Side Events and Pavilions
Across the halls in Rio Centro, there was an array of side events varying in topics and themes. But the gathering’s immense amount of knowledge and information seemed to be lost on the negotiators once again.
Events organized by various organizations such as the UN-Women, IMF and World Bank, FAO, and C40 for Mayors of cities for urban planning and growth were among the many networks and academics present. Networking with other organizations with similar interests seemed more important to these groups than the actual negotiations.
UN-Women's events focused on women as the most vulnerable group to climate change and other natural disasters, showing that women’s issues do pertain to sustainable development. For example, in sub-Saharan Africa, it is women who travel far from home to bring well water, putting them at greater risk of being attacked in war-torn regions.
Other events organized included an entire day dedicated to water, expressing the inefficiencies in dealing with some of the world’s water-scarce regions. Water quality and pollution from fertilizers and inadequate treatment of wastewater have caused immense problems. On a global level, 2 million tons of sewage is discharged daily in drinking water sources, causing deadly water-borne diseases. Statistics from UN-Water show that 1 child every 20 seconds dies from water-borne diseases globally, which means that more people are killed from polluted water daily than from all forms of war.
The IMF and World Bank hosted a side event on carbon taxation and fossil fuel subsidies , two suggestions for economic policy reform. Panelists explained that 410 billion USD/year is spent on subsidies across the globe, but that the rich people receive 6 times more from the subsidies than the poor.
Such taxation schemes would need to be targeted towards the source of the emissions however, such as taxing the amount of fuel used rather than vehicle ownership. Taxing should also be on emissions produced, not electricity consumed.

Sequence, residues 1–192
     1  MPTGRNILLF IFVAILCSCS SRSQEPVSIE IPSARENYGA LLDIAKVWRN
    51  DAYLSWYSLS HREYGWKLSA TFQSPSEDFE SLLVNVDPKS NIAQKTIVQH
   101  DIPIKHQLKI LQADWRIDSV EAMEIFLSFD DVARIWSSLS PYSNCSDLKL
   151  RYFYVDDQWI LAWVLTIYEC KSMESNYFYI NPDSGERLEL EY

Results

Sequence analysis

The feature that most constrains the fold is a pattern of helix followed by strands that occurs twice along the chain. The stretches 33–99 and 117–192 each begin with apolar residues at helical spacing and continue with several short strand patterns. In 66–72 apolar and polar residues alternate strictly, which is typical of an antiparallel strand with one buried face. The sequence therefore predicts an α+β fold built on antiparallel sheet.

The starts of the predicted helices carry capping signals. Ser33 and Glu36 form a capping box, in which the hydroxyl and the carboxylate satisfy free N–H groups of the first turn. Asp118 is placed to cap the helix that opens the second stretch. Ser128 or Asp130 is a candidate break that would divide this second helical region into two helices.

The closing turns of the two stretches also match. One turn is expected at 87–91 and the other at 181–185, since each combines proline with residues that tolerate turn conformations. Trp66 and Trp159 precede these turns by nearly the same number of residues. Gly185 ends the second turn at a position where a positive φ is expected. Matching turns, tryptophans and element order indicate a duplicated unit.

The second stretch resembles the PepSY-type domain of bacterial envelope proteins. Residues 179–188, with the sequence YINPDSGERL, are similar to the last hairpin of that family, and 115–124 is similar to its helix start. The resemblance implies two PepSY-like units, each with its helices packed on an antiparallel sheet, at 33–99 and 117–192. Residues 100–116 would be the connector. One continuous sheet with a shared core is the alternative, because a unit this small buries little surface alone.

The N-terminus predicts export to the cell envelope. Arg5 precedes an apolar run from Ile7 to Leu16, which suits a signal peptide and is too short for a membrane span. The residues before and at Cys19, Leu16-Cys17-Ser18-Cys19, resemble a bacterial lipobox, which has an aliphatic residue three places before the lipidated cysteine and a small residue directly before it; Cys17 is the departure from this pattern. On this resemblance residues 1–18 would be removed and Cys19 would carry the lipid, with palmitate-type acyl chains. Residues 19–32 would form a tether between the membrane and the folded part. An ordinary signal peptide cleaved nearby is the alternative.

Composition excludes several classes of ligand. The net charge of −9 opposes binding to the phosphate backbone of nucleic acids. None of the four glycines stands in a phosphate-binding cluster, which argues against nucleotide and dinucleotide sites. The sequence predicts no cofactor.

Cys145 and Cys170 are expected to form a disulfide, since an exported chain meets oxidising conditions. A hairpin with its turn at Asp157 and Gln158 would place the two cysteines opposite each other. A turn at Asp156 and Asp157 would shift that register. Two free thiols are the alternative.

Several solutions were proposed on the issue carbon taxation from the sidelines, but once again the negotiators did not listen.
The US, in a side event at their pavilion, suggested a city-level solution to adapt to climate change in terms of green infrastructure. The city of Philadelphia is an example of such an initiative, with its drainage design that funnels the first inch from rainfall to green spaces. The initiative increases green spaces on all pavements, rooftops and large vacant areas to retrofit their infrastructure system to adapt to the effects of climate change. Such solutions on a city level are precisely the kinds of solutions we need to learn from.
The real heroes here in Rio are not those in the negotiation rooms, but those backstage sharing their innovative solutions or climate change and sustainable development from their communities and cities.
These efforts truly demonstrate that real change can occur through real, breathing collaboration. In the words of Achim Steiner, the UNEP Secretary General, “the people of this world will refuse to be silenced by the brackets in the text”.
We may be disappointed by our world leaders’ actions at Rio+20, but let this be motivation for us as citizens to work together to make these solutions happen and let our efforts speak for themselves. Let us learn from these inspiring grassroots movements here in Rio that if we work together we can create true change for a sustainable future for our people.
Lama El Hatow is an Egyptian environmental activist representing IndyACT (a league of independent activists) in the NGOs and civil society movements at the Rio+20 Earth Summit.